Fukushima Worker “Severely exposed workers didn’t wear protective clothing”

Following up this article..[Severe exposure of workers] Tepco revised the contamination reading “10 Bq/cm2 → 19 Bq/cm2 on face and head” [URL]

The Fukushima worker Happy11311 commented on Twitter that those workers didn’t wear protective clothing when they were exposed to the radioactive mist.



The workers were exposed to THE mist while waiting for the bus to the entrance management gate. This Tepco bus allows you to wear only normal clothes and surgical mask. So these exposed workers didn’t wear the proper protective clothing.




Truth is not truth because everyone believes in it. It’s the truth because it’s consistent and can’t be rebutted.


Français :

Le travailleur de Fukushima : “Les travailleurs gravement exposés ne portaient pas de vêtements de protection”


Article lié : [Exposition sévère de travailleurs] Tepco a revu à la hausse ses relevés sur la figure et la tête : “10 Bq/cm² → 19 Bq/cm²”

Le travailleur de Fukushima Happy11311 a déclaré sur Twitter que ces travailleurs ne portaient pas de vêtements de protection lorsqu’ils ont été exposés à la bruine radioactive.

Ces travailleurs ont été exposés à LA bruine alors qu’ils attendaient dans le bus à la porte de gestion des entrées. Ce bus de Tepco n’autorise que les habits normaux et les maques de chirurgie. Ces travailleurs ne portaient donc pas les vêtements de protection appropriés.

— ハッピー (@Happy11311) August 12, 2013

Ce n’est pas la vérité parce que tout le monde y croit. C’est la vérité parce que c’est cohérent et irréfutable.

  1. thats what happens when you squander ‘public funds’.. a white T-shirt off everyones’ back! ever wonder why japanese ghosts are always dressed in white kimonos?


    Previous ArticleANALYSIS: Taxpayers hit as framework to resolve Fukushima crisis hits wall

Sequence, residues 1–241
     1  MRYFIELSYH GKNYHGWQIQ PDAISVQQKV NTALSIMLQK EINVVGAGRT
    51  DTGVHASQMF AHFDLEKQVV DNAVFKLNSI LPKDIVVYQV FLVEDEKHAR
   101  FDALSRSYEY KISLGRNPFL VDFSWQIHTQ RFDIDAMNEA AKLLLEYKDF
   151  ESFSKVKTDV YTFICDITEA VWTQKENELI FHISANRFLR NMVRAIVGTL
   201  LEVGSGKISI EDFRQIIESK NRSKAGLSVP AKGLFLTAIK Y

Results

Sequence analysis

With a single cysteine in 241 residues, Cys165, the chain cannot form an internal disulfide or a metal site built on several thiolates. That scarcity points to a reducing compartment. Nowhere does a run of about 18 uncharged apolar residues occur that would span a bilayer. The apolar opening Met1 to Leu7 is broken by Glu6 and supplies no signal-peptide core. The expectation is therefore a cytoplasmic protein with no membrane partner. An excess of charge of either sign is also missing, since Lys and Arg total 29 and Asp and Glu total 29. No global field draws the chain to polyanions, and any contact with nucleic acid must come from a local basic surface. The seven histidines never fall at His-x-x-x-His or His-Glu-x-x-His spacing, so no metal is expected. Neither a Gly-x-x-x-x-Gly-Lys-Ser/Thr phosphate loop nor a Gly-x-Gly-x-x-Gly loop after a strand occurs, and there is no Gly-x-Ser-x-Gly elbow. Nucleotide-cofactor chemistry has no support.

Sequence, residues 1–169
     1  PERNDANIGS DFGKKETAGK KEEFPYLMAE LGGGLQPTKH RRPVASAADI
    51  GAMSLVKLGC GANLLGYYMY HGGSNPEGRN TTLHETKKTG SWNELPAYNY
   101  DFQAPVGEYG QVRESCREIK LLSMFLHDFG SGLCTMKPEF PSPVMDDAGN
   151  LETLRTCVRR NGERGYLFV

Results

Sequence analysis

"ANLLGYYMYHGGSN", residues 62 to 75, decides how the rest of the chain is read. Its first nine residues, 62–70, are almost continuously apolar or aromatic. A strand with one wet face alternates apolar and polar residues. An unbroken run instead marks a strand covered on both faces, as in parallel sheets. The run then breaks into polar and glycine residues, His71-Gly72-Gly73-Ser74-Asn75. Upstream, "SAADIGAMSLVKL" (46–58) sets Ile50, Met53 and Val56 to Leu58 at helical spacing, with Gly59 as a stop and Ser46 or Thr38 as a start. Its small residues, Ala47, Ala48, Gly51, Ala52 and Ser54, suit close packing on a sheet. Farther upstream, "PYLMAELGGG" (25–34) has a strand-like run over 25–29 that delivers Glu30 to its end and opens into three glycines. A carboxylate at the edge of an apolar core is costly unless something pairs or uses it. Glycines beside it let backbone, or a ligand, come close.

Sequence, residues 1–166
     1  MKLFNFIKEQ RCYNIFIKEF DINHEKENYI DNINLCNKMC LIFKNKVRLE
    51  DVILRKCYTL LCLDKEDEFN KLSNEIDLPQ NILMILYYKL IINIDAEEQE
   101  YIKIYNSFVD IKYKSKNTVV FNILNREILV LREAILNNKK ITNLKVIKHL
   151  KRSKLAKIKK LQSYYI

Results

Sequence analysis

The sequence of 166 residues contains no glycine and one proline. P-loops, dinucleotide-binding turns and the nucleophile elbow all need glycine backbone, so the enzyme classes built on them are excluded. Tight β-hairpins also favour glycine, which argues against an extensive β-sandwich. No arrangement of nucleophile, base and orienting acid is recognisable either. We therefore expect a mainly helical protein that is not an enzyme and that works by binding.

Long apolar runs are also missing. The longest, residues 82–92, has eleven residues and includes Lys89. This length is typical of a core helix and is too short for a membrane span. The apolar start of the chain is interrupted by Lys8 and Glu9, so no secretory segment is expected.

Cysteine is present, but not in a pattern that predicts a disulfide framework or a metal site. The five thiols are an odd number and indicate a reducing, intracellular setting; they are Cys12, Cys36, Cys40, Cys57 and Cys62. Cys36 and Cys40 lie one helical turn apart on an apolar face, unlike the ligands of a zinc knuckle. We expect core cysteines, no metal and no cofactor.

Next ArticleTaiwan says nuclear power plant may have leaked toxic water


    August 08, 2013

    The central government is going ahead with a plan to use public funds in an attempt to stop radioactive water at the crippled Fukushima No. 1 nuclear power plant from flowing into the ocean, as operator Tokyo Electric Power Co. is seen as incapable of coping with the problem on its own.

    “The problem of contaminated water is the most pressing. Rather than leave it up to TEPCO, the central government will come up with the measures to deal with it. The industry minister will instruct TEPCO in order to implement swift and multilayered measures,” Prime Minister Shinzo Abe told a meeting of the Nuclear Emergency Response Headquarters on Aug. 7.

    The Agency for Natural Resources and Energy released the results of a study that estimated about 1,000 tons of groundwater was flowing daily from nearby mountains to the ocean in the vicinity of the Fukushima No. 1 plant. Of that amount, about 400 tons is being contaminated with radiation after flowing into reactor buildings and other facilities at the plant site.

    Of the remaining 600 tons of groundwater, about half was coming into contact with soil contaminated by radioactive materials around the reactor buildings and flowing into the ocean, according to the report.

    Those involved in the study have been unable to determine when the contaminated water began flowing into the ocean. The possibility that contaminated water has been flowing into the ocean from the outset of the disaster cannot be denied.

    The remaining 300 tons of groundwater is believed to be flowing into the ocean without being contaminated and poses no risk.

    TEPCO plans to begin pumping up contaminated groundwater from wells on the plant site from Aug. 9. While about 100 tons will be pumped up daily at first, plans also call for digging more wells. The contaminated water will be stored in tanks on site.

    According to TEPCO officials, tanks that have already been installed can hold about 380,000 tons. They are at the 320,000-ton mark now.

    Plans call for installing tanks to increase the capacity to 700,000 tons by 2015 and 800,000 tons by fiscal 2016.

    TEPCO officials hope to reduce the volume of contaminated groundwater to 60 tons a day and store that water in the tanks. One measure being considered for that reduction is to solidify contaminated soil with chemicals to construct a wall that would block out groundwater.

    However, TEPCO plans do not take into consideration the possibility that contaminated water may leak from the reactor buildings.

    Moreover, while the concentration of radioactive materials in the water is being measured at the wells, the results have fluctuated depending on the timing and location for the collection of the water samples. That makes it difficult to determine the level of radioactive materials in the water.

    TEPCO officials have also been unable to determine where the water is leaking from, nor the extent of the area that has been contaminated.

    Such uncertainty will likely force the utility to undertake a comprehensive review of measures that have been implemented until now to deal with the problem.